Complications associated with Parkinson’s disease include difficulty thinking, depression, emotional changes, swallowing problems, sleep problems and disorders, bladder issues, constipation, changes in blood pressure, smell dysfunction, fatigue, pain, and sexual dysfunction.
Treatment for multiple sclerosis is lifelong, and although it cannot cure the condition, it aims to minimize symptoms and allow the patients to live as normal of a life as possible. Some treatment methods include corticosteroids and plasma exchange, beta interferons, Glatiramer acetate, Dimethyl fumarate, Fingolimod, Teriflunomide, Natalizumab, Alemtuzumab, and Mitoxantrone, which all help to reduce the likelihood of relapses.
Other treatment methods include physical therapy to improve mobility, muscle relaxants, medications to reduce fatigue, and other medications like antidepressants, medications to control the bowels and bladder, and medications to improve sexual function.
Exercise, meditation, yoga, and acupuncture are also recommended as a means to reduce stress and improve overall mental and physical well-being.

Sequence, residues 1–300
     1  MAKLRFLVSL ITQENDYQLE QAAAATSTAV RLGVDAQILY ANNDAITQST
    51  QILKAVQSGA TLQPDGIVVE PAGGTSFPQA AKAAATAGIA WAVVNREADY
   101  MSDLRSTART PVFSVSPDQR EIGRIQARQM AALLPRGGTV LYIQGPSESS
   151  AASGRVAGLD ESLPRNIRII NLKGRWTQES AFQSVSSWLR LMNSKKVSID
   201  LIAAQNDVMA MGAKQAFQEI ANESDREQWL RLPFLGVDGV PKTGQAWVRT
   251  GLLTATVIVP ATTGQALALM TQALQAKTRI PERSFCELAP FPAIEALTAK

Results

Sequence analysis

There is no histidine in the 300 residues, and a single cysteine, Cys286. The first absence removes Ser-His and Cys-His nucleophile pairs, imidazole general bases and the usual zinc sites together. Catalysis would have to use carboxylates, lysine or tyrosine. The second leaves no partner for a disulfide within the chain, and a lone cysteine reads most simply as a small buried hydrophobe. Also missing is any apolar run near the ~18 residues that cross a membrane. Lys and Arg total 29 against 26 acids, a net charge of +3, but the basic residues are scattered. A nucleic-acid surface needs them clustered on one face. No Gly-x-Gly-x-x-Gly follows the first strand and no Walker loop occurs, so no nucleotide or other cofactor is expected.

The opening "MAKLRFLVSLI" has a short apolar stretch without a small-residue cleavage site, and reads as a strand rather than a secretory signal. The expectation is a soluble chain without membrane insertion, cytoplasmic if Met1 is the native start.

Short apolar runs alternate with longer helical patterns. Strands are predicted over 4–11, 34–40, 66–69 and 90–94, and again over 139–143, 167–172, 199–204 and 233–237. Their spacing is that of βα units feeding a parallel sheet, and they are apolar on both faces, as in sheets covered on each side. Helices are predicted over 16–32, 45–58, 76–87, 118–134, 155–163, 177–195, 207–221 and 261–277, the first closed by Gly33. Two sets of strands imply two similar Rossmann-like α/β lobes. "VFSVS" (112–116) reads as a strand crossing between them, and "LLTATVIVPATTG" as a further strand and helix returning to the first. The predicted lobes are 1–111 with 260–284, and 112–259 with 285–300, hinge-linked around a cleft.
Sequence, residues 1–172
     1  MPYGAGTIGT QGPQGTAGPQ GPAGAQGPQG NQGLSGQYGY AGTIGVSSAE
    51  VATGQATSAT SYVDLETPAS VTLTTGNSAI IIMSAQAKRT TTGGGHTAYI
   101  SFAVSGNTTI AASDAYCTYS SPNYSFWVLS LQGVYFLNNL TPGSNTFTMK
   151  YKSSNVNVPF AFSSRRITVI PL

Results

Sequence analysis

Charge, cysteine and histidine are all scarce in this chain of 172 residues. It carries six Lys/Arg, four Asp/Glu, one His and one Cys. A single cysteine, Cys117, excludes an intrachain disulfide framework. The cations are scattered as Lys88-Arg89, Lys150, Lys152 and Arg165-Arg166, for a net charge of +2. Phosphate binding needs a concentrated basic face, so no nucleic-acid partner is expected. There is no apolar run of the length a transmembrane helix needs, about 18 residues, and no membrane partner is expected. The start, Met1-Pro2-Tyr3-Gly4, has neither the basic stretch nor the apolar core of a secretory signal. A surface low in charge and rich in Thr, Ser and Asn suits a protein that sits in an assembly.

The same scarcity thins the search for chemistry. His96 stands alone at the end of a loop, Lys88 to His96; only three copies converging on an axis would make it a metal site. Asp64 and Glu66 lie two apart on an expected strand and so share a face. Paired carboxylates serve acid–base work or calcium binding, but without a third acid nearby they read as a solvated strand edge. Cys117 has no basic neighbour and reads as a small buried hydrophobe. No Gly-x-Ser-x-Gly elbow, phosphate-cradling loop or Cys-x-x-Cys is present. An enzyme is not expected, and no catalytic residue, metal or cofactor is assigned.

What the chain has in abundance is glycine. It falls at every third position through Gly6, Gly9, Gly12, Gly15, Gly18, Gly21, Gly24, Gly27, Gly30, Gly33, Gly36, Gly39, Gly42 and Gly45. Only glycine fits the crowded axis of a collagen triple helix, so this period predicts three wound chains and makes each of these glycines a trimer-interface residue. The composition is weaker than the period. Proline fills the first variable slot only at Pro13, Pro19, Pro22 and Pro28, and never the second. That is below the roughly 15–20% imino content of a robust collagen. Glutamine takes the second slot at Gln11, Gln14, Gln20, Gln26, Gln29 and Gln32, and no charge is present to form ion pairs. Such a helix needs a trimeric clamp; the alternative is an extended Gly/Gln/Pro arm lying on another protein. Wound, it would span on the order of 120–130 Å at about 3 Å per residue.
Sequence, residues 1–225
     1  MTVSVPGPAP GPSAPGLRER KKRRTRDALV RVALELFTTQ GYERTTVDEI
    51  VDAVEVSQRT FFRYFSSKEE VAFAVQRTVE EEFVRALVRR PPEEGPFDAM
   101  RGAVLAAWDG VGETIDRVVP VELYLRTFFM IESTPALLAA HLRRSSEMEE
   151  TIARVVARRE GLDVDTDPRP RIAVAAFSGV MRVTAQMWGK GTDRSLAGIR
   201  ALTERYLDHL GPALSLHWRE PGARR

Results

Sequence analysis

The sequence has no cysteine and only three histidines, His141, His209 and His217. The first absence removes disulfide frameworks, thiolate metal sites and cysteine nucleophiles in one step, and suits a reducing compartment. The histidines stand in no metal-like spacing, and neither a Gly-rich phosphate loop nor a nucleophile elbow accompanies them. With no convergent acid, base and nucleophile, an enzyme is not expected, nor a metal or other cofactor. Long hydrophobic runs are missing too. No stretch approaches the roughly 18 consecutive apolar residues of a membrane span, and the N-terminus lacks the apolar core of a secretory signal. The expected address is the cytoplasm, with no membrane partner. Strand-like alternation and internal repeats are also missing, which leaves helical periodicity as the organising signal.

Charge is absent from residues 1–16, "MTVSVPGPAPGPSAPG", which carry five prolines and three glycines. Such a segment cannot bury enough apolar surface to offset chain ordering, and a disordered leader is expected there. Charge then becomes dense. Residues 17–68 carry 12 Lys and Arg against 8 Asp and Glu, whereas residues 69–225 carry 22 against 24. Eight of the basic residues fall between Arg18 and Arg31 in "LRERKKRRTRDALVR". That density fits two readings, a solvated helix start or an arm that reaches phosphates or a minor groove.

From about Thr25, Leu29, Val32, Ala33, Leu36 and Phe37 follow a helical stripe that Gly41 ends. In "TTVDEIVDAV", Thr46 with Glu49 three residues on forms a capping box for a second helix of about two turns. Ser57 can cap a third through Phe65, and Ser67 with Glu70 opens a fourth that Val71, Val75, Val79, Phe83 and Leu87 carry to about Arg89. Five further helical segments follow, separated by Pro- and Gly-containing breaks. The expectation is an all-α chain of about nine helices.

There is no cure for Parkinson’s disease as well, but treatments are available to manage the symptoms and slow down the disease progression as much as possible. Alongside traditional treatments, supportive therapies are also used to improve different aspects of a person’s health.
Common medications prescribed in Parkinson’s disease include dopamine replacement therapy, dopamine agonists, anticholinergics, amantadine, monomine oxidase type B inhibitors, and catechol-o-methyl transferase inhibitors.
Surgery is also a treatment option for Parkinson’s disease and is best suited for those who had a good response to levodopa, but still have difficulties with movement or who experience large fluctuations in their levodopa levels.
Supportive therapies for Parkinson’s disease include physical therapy to improve movement, occupational therapy, speech and language therapy, and diet modifications such as increasing fiber and salt intake, eating frequently but in smaller portions, and adjusting the diet to prevent unintentionally weight loss.
You can work closely with your doctor to create a specific treatment plan for you.